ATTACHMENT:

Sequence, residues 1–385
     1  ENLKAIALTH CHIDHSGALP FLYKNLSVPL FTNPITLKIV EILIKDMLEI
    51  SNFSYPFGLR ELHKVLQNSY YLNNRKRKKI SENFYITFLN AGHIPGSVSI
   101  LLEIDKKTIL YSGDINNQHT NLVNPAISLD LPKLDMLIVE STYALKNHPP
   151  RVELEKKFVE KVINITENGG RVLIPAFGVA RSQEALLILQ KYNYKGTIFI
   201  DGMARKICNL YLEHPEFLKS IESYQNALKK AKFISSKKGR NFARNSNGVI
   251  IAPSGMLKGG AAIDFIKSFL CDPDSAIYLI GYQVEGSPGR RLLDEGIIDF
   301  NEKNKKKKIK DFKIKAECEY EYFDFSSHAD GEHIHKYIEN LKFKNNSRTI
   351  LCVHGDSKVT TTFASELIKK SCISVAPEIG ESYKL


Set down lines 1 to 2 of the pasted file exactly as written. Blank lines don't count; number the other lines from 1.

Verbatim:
Sequence, residues 1–385
     1  ENLKAIALTH CHIDHSGALP FLYKNLSVPL FTNPITLKIV EILIKDMLEI